An inside look into Tehran's underground music scene, Sounds of Silence offers a street-level view of Iranian musicians struggling for self-expression in the face of strict oversight and censorship from Ershad, the government's Ministry of Islamic Guidance. In a country in which half the population is under 30, it is hardly surprising to find a great demand for music, especially pop music. But since the Revolution, the state has sought to curb the influence of the West in Iranian culture, taking control over everything from lyrics to musical style to the onstage movements of performers, and the solo female singing voice is strictly prohibited in public. Featuring interviews with a host of musicians working in various genres, this documentary shows the incredible frustrations and obstacles that Iranian musicians must contend with, as well as the different ways in which they strive to get their music heard. Seeking to create a unique and distinctive sound, many musicians either combine elements of traditional Iranian music with more Western forms or draw lyrical inspiration from the Iranian literary tradition. But this does not guarantee Ershad approval, and these artists are increasingly turning to the Internet-often without government permission-in order to disseminate their work and engage their audiences. From the alternative-rock band O-Hum to rapper Soroush to trance group Atma, musicians are finding that websites with downloadable songs and videos afford them the exposure that censorship denies them. A compelling look into the relatively obscure world of Iran's fragile pop culture, Sounds of Silence reveals the precarious existence of the artist in a state bent on creating a conservative, traditionalist society.
Director's Statement Collapse
I read daily accounts of "thousands on Tehran's streets protesting against the West," anti-Israeli hatred campaigns, "rebellious" young drug-addicted people, and imprisoned subservient women. And yet these stories remain to me abstract and superficial. Having grown up in Germany with both the Iranian and German culture in my blood, I always wanted to look "behind the scenes." What is actually going on within Iranian society and its youth? I don't know. How should I know? My experience so far had been the media coverage and a few summer holidays with my cousins and other relatives. Even though this film only portrays a small part of Iran's youth, it shows to me the power and strength of the people, within their own four walls. I was particularly impressed by their sharp yet rhetorically apprehensive and careful statements towards our camera. These young musicians make their way in life without ever pitying themselves or vying for any kind of compassion. They move forward despite all obstacles. They move forward, whatever happens. - Amir Hamz Underground music was an initiation rite: a passage from a fascination with a music that was much cooler than everything else to becoming part of it. Or so I thought. Music meant giving a home to the teenage delinquent, away from his or her real home, because home is somehow where you don't have to explain yourself. It's where difference does not have to be justified, but just is. I wonder sometimes if this is not some romantic projection of mine; some desperate attempt to keep the term "underground" from disintegrating entirely in this day and age. But then I find myself again in some tiny record shop digging for that most obscure of treasures, and my doubts are gone...for the moment. This time the record store is in Tehran. Here underground means zirzamini, basement, because that's where you have to make music. But, as so often happens with music, the term just isn't cool anymore. However, it takes on another meaning as well. Music is underground here because it can't be anything else. It's not out in the open, it gets passed around by word of mouth, and it constantly has to justify itself. My romantic ideal is being challenged,and its parameters are being reset. What to do? Lament the absence of a First Amendment and more? But the music is there, and the band plays on with admirable energy in the face of the utmost adversity. The urgency of necessity is nothing short of fascinating. To call that merely romantic, it seems to me, would be an insult. -Mark Lazarz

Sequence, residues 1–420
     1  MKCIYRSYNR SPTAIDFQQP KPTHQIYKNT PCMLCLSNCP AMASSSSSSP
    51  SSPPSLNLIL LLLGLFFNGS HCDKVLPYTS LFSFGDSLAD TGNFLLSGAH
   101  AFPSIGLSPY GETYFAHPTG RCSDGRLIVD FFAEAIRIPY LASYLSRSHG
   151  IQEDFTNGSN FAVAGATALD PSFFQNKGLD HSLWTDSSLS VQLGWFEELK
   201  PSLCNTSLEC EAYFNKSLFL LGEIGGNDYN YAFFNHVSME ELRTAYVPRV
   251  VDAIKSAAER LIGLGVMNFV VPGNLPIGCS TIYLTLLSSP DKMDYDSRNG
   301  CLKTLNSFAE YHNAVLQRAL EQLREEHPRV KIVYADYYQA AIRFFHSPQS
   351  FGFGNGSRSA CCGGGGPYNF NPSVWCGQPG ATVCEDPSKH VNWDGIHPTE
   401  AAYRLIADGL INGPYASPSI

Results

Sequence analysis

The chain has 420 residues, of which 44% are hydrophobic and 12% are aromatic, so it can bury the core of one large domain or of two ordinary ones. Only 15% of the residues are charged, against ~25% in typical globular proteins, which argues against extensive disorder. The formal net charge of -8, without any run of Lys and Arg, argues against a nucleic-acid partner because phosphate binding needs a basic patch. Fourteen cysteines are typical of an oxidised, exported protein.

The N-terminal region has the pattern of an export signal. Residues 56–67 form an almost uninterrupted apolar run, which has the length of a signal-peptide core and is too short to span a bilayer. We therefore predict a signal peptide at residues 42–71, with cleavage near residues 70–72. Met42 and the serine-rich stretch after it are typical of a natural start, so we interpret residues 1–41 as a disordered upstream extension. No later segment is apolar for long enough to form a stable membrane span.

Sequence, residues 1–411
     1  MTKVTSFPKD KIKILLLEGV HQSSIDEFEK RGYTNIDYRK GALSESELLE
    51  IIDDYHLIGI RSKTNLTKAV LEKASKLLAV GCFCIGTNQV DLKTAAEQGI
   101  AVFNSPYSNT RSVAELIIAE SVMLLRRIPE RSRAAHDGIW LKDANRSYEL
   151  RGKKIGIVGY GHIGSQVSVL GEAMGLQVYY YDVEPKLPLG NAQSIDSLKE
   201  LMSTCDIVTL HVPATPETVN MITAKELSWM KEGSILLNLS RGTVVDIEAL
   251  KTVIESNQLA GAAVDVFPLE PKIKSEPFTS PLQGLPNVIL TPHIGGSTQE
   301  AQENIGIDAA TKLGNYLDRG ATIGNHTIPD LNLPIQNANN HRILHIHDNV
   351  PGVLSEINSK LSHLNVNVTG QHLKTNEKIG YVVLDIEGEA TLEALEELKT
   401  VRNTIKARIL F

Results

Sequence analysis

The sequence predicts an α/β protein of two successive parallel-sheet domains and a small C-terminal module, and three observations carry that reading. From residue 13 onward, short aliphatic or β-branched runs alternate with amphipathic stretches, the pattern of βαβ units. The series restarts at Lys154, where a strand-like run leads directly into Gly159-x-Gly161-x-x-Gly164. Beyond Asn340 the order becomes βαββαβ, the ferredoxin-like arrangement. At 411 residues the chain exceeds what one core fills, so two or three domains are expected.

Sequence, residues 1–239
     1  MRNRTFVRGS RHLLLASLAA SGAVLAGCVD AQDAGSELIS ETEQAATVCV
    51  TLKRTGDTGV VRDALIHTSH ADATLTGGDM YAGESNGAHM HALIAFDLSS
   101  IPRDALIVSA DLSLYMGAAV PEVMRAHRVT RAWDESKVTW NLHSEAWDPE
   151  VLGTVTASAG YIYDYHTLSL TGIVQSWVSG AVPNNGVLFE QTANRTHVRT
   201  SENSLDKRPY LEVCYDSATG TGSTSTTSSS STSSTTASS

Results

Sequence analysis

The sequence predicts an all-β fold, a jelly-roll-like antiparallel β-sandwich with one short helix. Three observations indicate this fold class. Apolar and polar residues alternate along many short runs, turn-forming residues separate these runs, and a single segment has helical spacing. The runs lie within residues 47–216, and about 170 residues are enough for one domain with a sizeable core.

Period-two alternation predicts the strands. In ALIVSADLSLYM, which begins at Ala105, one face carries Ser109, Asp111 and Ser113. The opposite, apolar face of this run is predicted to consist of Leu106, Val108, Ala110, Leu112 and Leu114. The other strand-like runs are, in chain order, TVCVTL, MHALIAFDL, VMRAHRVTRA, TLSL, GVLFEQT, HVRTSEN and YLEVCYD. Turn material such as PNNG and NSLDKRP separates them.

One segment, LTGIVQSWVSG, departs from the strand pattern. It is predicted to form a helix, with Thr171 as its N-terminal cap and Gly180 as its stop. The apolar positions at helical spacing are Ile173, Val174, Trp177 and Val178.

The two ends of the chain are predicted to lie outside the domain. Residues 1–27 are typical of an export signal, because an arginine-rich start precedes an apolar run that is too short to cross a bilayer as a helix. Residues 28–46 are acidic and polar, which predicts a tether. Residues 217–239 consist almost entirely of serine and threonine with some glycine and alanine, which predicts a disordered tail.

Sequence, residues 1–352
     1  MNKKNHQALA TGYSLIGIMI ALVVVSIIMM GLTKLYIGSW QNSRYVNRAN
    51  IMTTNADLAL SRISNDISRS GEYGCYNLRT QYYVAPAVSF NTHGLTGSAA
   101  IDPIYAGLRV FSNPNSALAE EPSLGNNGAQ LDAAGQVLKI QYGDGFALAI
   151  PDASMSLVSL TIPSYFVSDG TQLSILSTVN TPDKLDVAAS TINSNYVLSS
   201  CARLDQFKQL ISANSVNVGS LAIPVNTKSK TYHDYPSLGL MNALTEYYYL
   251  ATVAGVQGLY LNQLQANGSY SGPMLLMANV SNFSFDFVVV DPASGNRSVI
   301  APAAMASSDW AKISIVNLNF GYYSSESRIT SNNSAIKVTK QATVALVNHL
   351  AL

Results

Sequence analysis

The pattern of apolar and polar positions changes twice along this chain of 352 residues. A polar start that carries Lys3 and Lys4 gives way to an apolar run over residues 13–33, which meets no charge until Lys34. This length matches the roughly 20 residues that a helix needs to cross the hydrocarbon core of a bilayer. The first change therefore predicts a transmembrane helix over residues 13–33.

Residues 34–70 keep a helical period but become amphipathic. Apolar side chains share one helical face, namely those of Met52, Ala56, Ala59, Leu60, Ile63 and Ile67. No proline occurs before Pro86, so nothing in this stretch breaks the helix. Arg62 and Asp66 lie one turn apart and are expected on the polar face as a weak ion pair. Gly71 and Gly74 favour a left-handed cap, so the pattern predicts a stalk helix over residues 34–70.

About the Director(s)Collapse
Born in Germany in 1979, director Amir Hamz received his B.A. from Hamburg in French Literature, North American Studies, and Film Studies. He then moved to London, where he received an M.A. in Mass Communications and Politics. He has worked in film and television since 1999 and has directed various short films. Sounds of Silence is his debut feature documentary. Director Mark Lazarz was born in 1972 in Germany. He moved to London, where he studied Film. He has been working in television, theater, and film since 1992. Like Hamz, his codirector, Lazarz has directed a handful of short films. Sounds of Silence is his debut feature documentary.